Huynh said that Sun Tan City never overexposes their clients, which is what causes skin cancer. She said that New Hampshire tanning salons are all Smart Tan Certified, meaning the directors go through training programs to learn about how the skin tans and how to protect it.
But according to dermatologist Dr. Campbell, there is no such thing as a safe tan because tanning is the skin’s response to trying to protect itself.
According to The Skin Cancer Foundation, people who first use a tanning bed before age 35 increase their risk for melanoma by 75 percent.
“There is no reason to ever go into a tanning bed,” Dr. Chartier said.
Dr. Jose Montero, Director of Public Health at the New Hampshire Department of Health and Human Services, said in a public statement that there has been an increase in young women in New Hampshire being overexposed to UV radiation.
Nearly 30 million people tan indoors in the United States every year. Two to three million of them are teens and 71 percent of them are women.
“Fortunately, skin cancer is highly curable if found early and it can be prevented,” Montero said. “The best way to detect skin cancer early is to examine your skin regularly and recognize changes in moles and skin growths.”
YOU AND YOUR SKIN
Dr. Campbell recommends taking photos of your skin, or at least examining it once a month to see if any new spots have formed. The back of the legs is the most common place for skin cancer on women and the chest and back are the most common parts of the body to find skin cancer on men. Campbell recommends having someone else look at these parts of the body for you and learn to detect any new spots.
Campbell said the reason why these are the most common parts of the body for skin cancer is because of history. Women were wearing skirts, showing their legs, and men were doing outdoor labor, most likely without a shirt on. He said the most common spots may change over time, as, for example, the amount of clothing worn at the beach has dramatically changed over the years.
While there are areas of the body where skin cancer is most commonly found, it can appear anywhere. Campbell said dermatologists do not know why yet, but melanomas in African Americans, Asians, Filipinos, Indonesians and native Hawaiians most often occur on nonexposed skin with less pigmentation, with 60 to 75 percent of tumors being on the palms of the hands, soles of the feet or around the nails.
The Melanoma Research Foundation said Bob Marley, the popular Jamaican singer and songwriter, died of complications from Acral Lentiginous Melanoma that originated under his toenail and metastasized to other parts of his body.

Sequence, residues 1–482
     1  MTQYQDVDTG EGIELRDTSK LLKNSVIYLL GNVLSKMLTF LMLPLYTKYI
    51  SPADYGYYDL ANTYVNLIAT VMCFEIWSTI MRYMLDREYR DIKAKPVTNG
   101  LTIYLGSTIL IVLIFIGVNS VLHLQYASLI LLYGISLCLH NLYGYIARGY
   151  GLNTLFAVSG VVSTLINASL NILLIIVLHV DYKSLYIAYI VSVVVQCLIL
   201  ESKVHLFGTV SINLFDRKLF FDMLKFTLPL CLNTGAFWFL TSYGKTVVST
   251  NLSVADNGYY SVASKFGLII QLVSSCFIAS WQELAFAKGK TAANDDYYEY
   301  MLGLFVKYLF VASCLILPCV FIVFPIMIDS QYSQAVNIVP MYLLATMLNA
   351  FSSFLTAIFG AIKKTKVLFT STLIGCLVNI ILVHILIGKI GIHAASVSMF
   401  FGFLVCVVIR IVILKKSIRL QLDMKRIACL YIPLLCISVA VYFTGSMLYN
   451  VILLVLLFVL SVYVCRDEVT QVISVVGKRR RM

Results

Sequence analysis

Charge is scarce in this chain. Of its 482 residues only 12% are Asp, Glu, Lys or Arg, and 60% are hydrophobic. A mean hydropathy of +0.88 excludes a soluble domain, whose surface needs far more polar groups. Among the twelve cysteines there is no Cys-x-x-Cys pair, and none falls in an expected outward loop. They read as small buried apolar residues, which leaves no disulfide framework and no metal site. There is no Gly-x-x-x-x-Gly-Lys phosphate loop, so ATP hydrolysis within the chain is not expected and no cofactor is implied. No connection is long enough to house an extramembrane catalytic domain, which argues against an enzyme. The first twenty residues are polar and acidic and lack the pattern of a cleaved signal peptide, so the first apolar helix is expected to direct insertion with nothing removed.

Detecting melanoma early and removing it before it can spread to regional lymph nodes or other organs increases a person’s survival rate by 98 percent. The survival rate falls to 62 percent when the melanoma reaches the lymph nodes and plunges to 15 percent when the disease metastasizes to distant organs.
It is important to note that there are many types of skin cancers, including less deadly forms, such as basal cell and squamous cell carcinoma. While it is rarer for these types of cancers to spread to lymph nodes, they are nevertheless very common and are responsible for 3,170 deaths a year in the United States. The safe thing is to visit a doctor if you notice anything new or unusual on your skin.
The signs and symptoms of melanoma can be spotted by remembering the alphabet. If a freckle or mole is (A) asymmetrical (meaning one half of the spot is unlike the other), that is one warning sign. Others things to look for are a spot (B) border that is irregular, scalloped or poorly defined; (C) color that varies from one area to another; (D) diameter greater than 6 millimeters, and a mole or skin lesion that is (E) evolving, changing or looks different from others.
Routine skin screening by a dermatologist will detect skin cancers early and could save your life. Unlike other cancers, skin cancers can be easy to detect with the human eye. Dr. Campbell said he loves his job because, given the opportunity, he can detect cancer before it has a chance to spread.
One in five Americans will develop skin cancer in the course of a lifetime, so taking precautions, checking your skin often and scheduling routine dermatologist screenings is important, as skin cancer is preventable.
Dr. Chartier said that as people continue to work desk jobs rather than outdoor jobs, there is a higher prevalence of melanoma.
“Intermittent sun exposures,” she said, on people who go on weekend getaways or short vacations are more likely to cause melanoma than those who are outside in the sun all day long, all year long.
“ … Beach and pool activities can be enjoyed safely as long as people take some extra precautions,” Perry Robins, MD, President of The Skin Cancer Foundation, said in a public statement.
However, Dr. Campbell said to just be aware of the reality of skin cancer.
“If you are around enough and you are pale enough, you’re likely to get something,” he said. “It’s mileage. Your skin is like a cab; the meter is always running when you are outside.”